Crisis or Opportunity?

‘Flood of landlord-owned homes coming to market’

The annual Mercer Cost of Living Survey is out and Dublin is now ranked 49th on a list of the 227 costliest cities for expats, an improvement on last year’s ranking of 39th. Vienna is now the most expensive eurozone city on the list, followed by Amsterdam, Munich, Paris and Brussels.

Also, the latest Daft.ie report, which was issued this week, shows that Irish house prices rose by an average of 9.5 percent over the past 12 months. In terms of house prices across the country, three-bed semis are now averaging €286,611. In Q2 alone, house prices rose an average of 3.8 percent, which is the largest quarterly gain in almost two years. As we stated here last week, there has rarely been a more difficult time to forecast the performance of the residential market in Ireland. 

A more interesting housing report was also published this week, the Irish Independent/Real Estate Alliance (REA) Average House Price Index survey. This quarterly survey generally provides a more qualitative or sentiment-based commentary to accompany the nationwide housing data, which is helpful. According to the REA research, there is a “flood of landlord-owned homes coming to market”. This data mirrors the findings of Sherry FitzGerald and other estate agencies over recent years. The REA survey found that – in some parts of the country – almost a third of all homes for sale have been brought to the market by landlords exiting real estate or reducing their holdings. While this new supply of second-hand homes to the market is expected to cool house price inflation, it can only exacerbate the persistent rental crisis and most of these properties will likely be purchased by home buyers rather than other private investors.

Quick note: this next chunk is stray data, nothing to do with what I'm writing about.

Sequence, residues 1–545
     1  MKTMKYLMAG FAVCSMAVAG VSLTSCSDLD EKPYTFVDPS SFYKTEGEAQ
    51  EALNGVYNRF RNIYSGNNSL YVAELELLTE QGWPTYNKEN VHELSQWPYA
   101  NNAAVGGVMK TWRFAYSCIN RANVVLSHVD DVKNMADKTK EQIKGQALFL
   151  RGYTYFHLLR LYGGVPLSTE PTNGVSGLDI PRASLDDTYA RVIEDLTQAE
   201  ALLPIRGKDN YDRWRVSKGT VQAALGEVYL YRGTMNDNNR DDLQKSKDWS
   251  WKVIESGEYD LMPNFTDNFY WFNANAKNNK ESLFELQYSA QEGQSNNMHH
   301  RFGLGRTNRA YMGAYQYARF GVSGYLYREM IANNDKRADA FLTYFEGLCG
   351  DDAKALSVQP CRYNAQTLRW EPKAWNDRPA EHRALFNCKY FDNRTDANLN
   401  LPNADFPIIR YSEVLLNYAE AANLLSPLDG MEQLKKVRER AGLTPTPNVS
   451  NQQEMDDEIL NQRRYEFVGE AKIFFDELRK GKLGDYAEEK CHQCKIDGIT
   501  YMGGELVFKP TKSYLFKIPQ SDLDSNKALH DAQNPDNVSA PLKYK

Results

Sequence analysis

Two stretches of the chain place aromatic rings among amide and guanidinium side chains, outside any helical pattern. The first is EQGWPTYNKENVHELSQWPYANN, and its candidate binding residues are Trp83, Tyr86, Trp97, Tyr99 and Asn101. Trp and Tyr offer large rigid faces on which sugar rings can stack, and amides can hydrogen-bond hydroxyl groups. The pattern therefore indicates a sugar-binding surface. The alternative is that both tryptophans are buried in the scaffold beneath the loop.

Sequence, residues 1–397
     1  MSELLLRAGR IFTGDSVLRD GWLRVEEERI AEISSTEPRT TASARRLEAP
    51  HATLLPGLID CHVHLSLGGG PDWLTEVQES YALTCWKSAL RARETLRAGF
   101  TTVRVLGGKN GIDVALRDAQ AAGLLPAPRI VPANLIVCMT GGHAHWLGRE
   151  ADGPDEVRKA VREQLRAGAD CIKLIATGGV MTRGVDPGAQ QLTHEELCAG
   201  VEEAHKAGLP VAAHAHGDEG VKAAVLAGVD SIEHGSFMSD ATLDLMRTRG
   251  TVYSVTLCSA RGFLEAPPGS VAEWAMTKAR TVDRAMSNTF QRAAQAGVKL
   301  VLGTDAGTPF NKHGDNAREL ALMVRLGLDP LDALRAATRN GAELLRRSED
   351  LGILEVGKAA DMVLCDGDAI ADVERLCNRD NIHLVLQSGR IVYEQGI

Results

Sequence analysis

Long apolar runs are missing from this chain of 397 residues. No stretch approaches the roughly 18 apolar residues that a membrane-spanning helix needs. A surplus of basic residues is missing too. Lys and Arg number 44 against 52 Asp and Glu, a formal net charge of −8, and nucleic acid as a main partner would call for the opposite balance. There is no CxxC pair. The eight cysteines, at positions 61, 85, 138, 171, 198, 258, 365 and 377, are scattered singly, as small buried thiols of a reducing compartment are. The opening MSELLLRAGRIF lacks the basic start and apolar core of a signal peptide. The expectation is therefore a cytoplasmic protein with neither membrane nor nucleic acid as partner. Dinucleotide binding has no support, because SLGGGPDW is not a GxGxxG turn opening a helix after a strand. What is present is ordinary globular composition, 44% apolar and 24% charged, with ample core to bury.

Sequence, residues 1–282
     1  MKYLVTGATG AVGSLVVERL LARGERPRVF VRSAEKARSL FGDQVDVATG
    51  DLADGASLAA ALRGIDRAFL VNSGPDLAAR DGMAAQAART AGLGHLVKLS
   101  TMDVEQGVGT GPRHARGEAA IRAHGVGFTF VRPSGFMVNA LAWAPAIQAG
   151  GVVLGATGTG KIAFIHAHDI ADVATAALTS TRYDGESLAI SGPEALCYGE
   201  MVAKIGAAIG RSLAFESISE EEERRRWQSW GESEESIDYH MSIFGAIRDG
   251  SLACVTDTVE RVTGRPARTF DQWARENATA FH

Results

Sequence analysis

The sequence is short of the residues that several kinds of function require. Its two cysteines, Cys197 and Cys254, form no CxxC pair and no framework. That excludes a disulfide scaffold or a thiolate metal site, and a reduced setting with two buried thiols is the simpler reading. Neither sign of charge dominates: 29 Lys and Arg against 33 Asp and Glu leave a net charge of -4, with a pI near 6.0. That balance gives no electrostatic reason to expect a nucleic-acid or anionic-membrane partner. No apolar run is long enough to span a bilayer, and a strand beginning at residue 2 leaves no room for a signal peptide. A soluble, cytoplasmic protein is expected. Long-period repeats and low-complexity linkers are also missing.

In recent days, the Dáil heard some pretty harrowing cases about desperate, would-be tenants being pitted against one another in rent bidding wars. In one stated case, a prospective tenant was asked by a landlord advertising a property to indicate the top rent they would be willing to pay, which clearly is not appropriate. And you know that rental activity is seeping into pop culture when Newstalk’s Henry McKean is sent out to the streets to talk to people and agents in a ‘vox pop’ style to gauge public reaction! The reporter heard from one estate agent who received over 1,200 applications for one home – they took what they believed to be the fairest approach by running a lottery for the opportunity to rent the home. While this might seem ridiculous, it is a symptom of the chronic undersupply in the rental market and still we are waiting for a fairer taxation system to stop private landlords being pushed out of the market, and for a more robust way to tackle NIMBY-ism (‘not in my back yard’ objections to proposed new developments).

Finally, the team at William Fry have published a general introduction to real estate investment taxation in Ireland, which people might find useful; details here .

Ian Lawlor
086 3625482

Managing Director 
Lotus Investment Group